GmbH AW21 is a dreamy wardrobe for when we can hit the club again
Instead of casual, pragmatic clothes for the current moment, the Berlin label brings you full fashion fantasy ready for chicer times ahead.
Courtesy of GmbH
If 'Welt am Draht', the title of GmbH's AW21 collection, sounds eerily familiar to the movie buffs among you, that's because it's lovingly borrowed from Rainer Werner Fassbinder's 1973 TV film. In it, it’s proposed that our world exists entirely inside another as a computer simulation, a metaphor that feels "very apt considering how we are living our lives through computers and screens right now," muses Benjamin Alexander Huseby -- over Zoom, naturally, with label partner Serhat Isik at his side.
But you don't need to be a 70s German film savant to really feel what lies at the heart of their latest body of work. Best translated as 'World on a Wire', tenuousness and precarity is something that has marred all of our lives of late.
Rather than lean into the current climate of turbulence and uncertainty to create the sort of comforting, pragmatic clothes we've already seen much of this season, the Berlin-based duo have created what they call "clothes of dreams", clothes that offer respite from a reality that at times feels all too dull to bear. They haven't, however, journeyed to a land far far away -- their dreams, it seems, are coloured by feelings of nostalgia for times and places as they once were. A lime green lycra top with GmbH's signature overlapping, shoulder-wrapping sashes and buttery, black vegan leather versions of their trademark double-zipped trousers suggest the raunch and hedonism of the Berlin dancefloors the label was born on.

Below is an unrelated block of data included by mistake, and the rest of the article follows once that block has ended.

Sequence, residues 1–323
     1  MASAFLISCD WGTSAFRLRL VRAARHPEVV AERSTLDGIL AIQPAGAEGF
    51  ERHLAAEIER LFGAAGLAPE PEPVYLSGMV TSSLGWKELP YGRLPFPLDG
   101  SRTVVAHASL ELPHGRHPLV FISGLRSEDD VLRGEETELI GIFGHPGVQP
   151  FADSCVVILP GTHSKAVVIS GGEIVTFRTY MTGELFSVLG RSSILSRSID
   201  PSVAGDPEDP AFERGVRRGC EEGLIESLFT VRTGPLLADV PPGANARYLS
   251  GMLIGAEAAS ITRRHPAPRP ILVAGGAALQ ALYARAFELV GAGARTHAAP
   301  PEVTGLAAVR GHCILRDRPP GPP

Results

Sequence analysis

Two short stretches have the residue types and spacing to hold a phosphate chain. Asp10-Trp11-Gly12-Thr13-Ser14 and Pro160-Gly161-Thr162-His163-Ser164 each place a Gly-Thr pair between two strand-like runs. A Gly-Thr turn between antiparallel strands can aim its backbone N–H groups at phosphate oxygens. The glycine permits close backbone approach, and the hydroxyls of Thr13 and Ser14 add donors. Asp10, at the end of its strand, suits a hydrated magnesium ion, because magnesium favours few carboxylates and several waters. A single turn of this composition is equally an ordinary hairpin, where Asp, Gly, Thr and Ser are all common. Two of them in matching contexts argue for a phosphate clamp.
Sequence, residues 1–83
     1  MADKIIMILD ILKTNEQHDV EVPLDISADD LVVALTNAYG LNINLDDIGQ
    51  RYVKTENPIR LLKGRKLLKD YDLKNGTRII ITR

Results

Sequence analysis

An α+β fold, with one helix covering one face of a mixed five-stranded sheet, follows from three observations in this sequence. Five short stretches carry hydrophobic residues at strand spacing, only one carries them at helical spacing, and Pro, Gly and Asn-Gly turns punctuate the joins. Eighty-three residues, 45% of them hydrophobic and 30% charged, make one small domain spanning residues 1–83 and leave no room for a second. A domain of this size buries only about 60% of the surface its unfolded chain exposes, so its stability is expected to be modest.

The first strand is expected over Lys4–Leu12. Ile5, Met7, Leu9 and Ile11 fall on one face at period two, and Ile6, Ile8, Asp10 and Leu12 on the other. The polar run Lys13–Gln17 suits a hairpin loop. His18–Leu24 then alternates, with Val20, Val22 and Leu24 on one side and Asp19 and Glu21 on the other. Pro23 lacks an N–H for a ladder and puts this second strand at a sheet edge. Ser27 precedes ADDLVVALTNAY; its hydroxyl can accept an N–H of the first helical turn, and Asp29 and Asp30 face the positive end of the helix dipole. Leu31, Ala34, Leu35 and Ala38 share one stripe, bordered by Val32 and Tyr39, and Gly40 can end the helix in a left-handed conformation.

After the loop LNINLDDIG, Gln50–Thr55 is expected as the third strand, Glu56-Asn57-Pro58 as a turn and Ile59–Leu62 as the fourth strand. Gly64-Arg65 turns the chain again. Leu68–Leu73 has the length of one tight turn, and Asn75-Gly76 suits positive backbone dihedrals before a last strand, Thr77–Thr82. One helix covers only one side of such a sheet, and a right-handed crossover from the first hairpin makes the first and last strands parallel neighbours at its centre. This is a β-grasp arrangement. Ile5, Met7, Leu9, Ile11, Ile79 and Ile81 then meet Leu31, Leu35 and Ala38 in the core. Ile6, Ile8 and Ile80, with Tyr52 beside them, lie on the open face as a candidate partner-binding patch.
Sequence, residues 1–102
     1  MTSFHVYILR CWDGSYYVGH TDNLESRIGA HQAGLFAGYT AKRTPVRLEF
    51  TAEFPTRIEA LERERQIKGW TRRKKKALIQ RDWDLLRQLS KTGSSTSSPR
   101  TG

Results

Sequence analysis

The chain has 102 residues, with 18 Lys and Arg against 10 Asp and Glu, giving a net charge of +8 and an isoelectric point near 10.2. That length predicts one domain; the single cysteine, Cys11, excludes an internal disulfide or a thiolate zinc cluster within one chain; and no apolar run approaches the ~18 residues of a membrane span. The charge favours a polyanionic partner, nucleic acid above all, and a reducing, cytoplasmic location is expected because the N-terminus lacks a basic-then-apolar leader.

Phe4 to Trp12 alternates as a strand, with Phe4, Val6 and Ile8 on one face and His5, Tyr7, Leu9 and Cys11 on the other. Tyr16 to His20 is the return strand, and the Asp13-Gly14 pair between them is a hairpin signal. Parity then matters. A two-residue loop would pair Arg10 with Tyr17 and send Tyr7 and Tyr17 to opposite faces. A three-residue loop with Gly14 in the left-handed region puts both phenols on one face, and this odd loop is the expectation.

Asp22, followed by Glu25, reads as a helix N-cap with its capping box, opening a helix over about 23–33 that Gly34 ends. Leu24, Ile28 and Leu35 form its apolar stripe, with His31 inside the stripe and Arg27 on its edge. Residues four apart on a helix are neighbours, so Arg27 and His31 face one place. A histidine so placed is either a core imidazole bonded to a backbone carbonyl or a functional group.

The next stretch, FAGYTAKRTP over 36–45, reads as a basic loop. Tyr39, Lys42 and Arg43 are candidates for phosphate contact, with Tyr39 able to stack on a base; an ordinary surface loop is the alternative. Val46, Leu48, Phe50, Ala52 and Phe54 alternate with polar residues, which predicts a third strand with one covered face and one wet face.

Sculpturally tailored wool coats, some cut to sit gracefully off the shoulder, seem more appropriate for a gala than for a gambol around the block. "It's a very hopeful collection, in a way," Serhat says. "We're gonna go clubbing again, we're gonna go to the theatre again, we're gonna go to the opera again, to our family's weddings, and these looks are ready for you when those days come."
Those contexts may sound quite concrete -- which makes sense given that "in the past, GmbH has been very much about reality," Benjamin says. Indeed, that same sense of grounding and tangibility can be felt here, "but I think we've now had a bit of an overload of reality; it's important to find ways of dreaming as well."
Where that makes itself best felt is in the details -- subtly curvilinear forms that nod to svelte, mid-century couture silhouettes, and the reclamation of motifs often affiliated with "activities that have normally been seen as the preserve of wealthy white people," says Serhat, listing horseriding and skiing among them. Look to the knee-high boots and jodhpurs for the former, and the Nordic-style knit jumpers reimagined with Islamic tile geometries for the latter.
Discussions around diasporic identity may not feature as explicitly here as they have in previous work, but they're no less present. "Our work has always been about seeing Brown men in particular clothes," says Serhat, clothes that our unconscious biases typically preclude them from wearing. As much as we may like to argue that fashion has moved past its harmful stereotyping practices, the unfortunate matter of fact remains that, for many, a Brown or Black man is not the first person they see wearing an impeccably tailored coat in their mind's eye.
That QPOC-owned brands like GmbH are challenging these perceptions is, of course, important -- but these aren't the only conversations that they should be expected to engage in. Worn throughout is jewellery created in collaboration with Berlin-based artisanal jeweller Nhat-Vu Dang: cast from Barbie's hands and heads; it's a subtle nod to the 90s raver trend of wearing plastic doll parts to the club, and an intuitive bridging of subculture and couture-level craft.
And closing out the collection, you'll find a series of looks that give a good dose of the campy fun we all need about now, the highlights of the precession being a python print suit and an off-shoulder, dyed faux fur. "We just needed it!" Serhat exclaims. "And we wanted to have a little bit of fun with it," Benjamin adds. "We've had this year of so much thinking and responding to everything that's going on. This was just for us: a full fashion fantasy."